“I don’t get to wear the boots anymore,” said songwriter, author and former Army ranger Keni Thomas, capping a talk that was strong on storytelling, with no small amount of motivational-type elements thrown in to keep you thinking. He was moving into a point about where exactly life and leadership happen, where the rubber meets the road in our on-highway parlance, noting that it all gets harder and harder the more advanced you become in whatever you’re doing. “Making a difference and mattering and giving an example to follow — it’s easy in the uniform,” he went on, referring to his military experience, when he was a sergeant Army ranger caught in the now famous “black hawk down” episode in Mogadishu in Somalia. “But it gets hard when you come back to the other side.”
The same could be said for a lot of things, of course, whether it’s making a decision to jump off the truck to grow the fleet, to break the reins tying your business to a larger leased entity to go out on your own with a set of different partners, or to finally put that down payment down on a truck of your own to revamp your relationship to the industry.
But just because life gets harder doesn’t mean it’s not worth moving forward, in the end. Thomas gets to a little bit of that in the podcast below, an excerpt from the tail end of his talk, introducing his “Hold the Line” song (it’s followed by the official video for the recorded track below, which I’d encourage you to also take a look at).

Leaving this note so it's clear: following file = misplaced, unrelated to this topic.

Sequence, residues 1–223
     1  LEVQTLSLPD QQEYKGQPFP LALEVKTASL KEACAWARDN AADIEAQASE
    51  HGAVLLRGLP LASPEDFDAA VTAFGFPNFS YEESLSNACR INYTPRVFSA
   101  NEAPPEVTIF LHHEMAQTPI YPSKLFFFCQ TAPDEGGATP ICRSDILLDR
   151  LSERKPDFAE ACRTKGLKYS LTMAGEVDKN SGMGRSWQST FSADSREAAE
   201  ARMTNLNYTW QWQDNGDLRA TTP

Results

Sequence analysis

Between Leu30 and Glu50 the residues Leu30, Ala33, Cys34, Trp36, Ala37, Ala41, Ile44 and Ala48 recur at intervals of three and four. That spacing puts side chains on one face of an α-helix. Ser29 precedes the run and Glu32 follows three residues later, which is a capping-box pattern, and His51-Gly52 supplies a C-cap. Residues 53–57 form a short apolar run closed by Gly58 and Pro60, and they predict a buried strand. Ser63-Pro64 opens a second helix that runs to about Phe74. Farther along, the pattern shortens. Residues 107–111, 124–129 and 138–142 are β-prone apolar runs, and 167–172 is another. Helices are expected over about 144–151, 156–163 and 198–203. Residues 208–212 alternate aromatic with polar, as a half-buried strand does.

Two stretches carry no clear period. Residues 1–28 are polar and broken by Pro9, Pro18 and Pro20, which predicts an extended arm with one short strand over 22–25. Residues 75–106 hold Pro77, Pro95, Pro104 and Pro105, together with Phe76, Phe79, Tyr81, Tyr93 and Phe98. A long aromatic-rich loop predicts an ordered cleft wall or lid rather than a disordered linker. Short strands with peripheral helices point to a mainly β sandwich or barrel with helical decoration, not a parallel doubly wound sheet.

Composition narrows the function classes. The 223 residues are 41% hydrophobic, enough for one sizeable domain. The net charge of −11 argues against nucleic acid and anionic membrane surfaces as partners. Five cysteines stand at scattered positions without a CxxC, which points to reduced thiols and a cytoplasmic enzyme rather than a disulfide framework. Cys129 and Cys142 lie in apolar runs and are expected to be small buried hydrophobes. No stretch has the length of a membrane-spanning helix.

Thomas spoke and performed the song this past Thursday to open the Conversion Interactive / TCA recruiting/retention conference — his story was an unexpectedly gripping treat to start the day. The fact that I don’t have a bevy of quotes from the story here is pretty good evidence of how good the it was, in the end. My notes fell by the wayside as I was pulled into it.
Though I haven’t read Thomas’ book, my guess is that it’s probably worth checking out for you readers out there.
The end of the tale broke down to a message of persistence — sticking to the things that you’ve learned actually work as the world throws you curveballs. As Thomas and his unit were quite literally running behind tire-less (i.e., more or less running on rims) trucks out of Mogadishu toward the end of the fighting that fateful day, he found himself skipping protocol when crossing intersections — pause at corner, cover the man behind you, keep going, essentially — in an effort to keep up with the vehicles. Turned out it was the weakest link in the unit, who was keeping to protocol, that saved everyone’s life when he shot at Somalis aiming RPGs down a corridor at the unit as they crossed.
You’ll hear more about his efforts to raise money for the sons and daughters of military servicemembers lost in battle — as well as an acoustic performance of the “Hold the Line” track — in the podcast. Enjoy, and stay safe out there.
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